The Canaan Downs
North of Motueka the road starts winding in endless curves up the Takaka Hill. Close to the top is a lookout spot with a wide view towards the Abel Tasman National Park. A first glimpse on the place where we planned to go Sea Kayaking very soon!
Right next to the lookout, the Ngarua Caves can be visited (but only with guided tours.)
Just a bit further ahead, a small turnoff leads into the innards of the National Park. At the end of this gravel road lies Canaan Downs Scenic Reserve, a beautiful area filled with yellow grass, amazing blueish rocks sticking out of the plains, and the largest campsite we have ever seen. Entering the plains you see an insignificant sign next to the road, welcoming visitors to the Canaan Downs campsite. Further into the vast landscape, you can barely make out one of the wooden hovels that turn out to be eco toilets at closer view.
The whole huge grasslands are a camping area, you just have to claim the nicest piece of meadow you can find. In the middle of it all, the camp warden has his little hippie home – with a tent, a fireplace, an old car and loads of rubble that may one time be of use. The sign leading there says “Camp Info and Hugs”. He is a very welcoming and helpful fellow with dreadlocks in his beard.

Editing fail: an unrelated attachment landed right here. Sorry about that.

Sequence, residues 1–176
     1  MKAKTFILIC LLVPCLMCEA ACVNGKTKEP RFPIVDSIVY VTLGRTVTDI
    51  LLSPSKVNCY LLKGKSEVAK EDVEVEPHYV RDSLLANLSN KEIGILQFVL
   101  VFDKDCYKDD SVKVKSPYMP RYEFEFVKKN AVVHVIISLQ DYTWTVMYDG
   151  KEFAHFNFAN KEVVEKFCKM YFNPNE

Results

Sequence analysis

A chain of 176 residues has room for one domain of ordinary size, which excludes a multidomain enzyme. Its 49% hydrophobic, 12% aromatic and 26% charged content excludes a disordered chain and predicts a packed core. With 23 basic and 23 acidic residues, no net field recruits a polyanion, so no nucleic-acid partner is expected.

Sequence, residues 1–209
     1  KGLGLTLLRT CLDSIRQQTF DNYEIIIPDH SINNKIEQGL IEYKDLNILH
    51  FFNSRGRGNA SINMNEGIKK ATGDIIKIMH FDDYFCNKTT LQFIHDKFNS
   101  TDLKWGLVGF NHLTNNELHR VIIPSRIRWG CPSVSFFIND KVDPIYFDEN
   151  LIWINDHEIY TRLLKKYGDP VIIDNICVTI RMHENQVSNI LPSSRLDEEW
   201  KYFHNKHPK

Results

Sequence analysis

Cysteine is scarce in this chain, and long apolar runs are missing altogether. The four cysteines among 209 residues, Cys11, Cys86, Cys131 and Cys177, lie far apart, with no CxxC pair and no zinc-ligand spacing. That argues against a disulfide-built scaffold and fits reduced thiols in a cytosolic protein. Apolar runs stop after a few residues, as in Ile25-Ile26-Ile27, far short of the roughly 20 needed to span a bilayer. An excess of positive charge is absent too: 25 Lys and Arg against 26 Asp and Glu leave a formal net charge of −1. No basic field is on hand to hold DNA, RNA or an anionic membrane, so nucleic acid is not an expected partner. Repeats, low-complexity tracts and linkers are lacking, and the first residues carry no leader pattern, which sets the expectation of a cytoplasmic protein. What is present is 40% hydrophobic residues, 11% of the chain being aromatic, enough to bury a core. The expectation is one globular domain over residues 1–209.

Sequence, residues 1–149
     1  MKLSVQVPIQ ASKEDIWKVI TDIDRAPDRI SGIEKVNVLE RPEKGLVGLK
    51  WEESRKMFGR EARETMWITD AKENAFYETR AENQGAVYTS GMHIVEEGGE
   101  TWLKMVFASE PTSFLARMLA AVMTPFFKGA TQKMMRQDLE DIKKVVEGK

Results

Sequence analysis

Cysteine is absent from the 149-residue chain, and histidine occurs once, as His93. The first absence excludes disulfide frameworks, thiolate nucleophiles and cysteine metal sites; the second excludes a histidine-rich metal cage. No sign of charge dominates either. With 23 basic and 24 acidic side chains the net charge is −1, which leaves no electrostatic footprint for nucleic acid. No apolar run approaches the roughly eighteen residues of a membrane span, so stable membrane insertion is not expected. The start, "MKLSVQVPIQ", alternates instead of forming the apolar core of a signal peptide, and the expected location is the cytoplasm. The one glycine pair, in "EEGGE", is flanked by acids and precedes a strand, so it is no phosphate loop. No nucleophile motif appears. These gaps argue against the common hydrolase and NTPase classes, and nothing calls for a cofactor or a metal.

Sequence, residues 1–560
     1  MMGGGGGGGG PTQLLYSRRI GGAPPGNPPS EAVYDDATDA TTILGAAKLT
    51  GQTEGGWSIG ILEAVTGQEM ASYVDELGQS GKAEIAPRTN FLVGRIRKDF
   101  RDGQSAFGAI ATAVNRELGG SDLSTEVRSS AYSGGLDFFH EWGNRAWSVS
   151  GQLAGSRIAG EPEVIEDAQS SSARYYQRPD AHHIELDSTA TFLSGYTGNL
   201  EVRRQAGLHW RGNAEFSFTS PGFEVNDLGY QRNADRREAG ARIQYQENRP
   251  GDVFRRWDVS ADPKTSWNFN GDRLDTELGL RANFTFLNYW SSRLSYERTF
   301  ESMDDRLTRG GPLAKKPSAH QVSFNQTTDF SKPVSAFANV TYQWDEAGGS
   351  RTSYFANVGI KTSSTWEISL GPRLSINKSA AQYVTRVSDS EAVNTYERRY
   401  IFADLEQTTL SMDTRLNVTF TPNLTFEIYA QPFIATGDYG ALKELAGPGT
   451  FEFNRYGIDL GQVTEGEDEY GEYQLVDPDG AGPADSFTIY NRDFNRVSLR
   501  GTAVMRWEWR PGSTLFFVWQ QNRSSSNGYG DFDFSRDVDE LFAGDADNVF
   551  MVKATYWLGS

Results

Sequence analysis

All around the site are constructs of dead wood, forming artwork or the frames for future shelters.
You get a night of hippie style camping for five dollars.
From the car park at the very end of the road, there are several long walkways leading into the Abel Tasman National Park. A mostly easy walk through the forest (including a bit of scrambling over rocks) leads to Harwoods Hole – probably the scariest place ever, especially if you are afraid of heights. The walkway ends in a confusing bunch of huge rocks. Climb them and you stand before the abyss. A 200m vertical drop into nothingness, framed by some bushes and rubble.
There is no barrier whatsoever, so one step too far could let you slip and fall the 200m straight down. Appealing, isn't it?
It wasn't really possible to get the right angle to look directly down into it, so we could only marvel at the upper part of the hole. But that was enough vertigo already! They should build a viewing platform made of glass there to look down...
Harwoods Hole is used by cavers and me, the climber, immediately saw the safety bolts on the wall. But there are signs everywhere urging visitors to attempt climbing into this black hole only as experienced cavers. I definitely understand why...Very freaky place!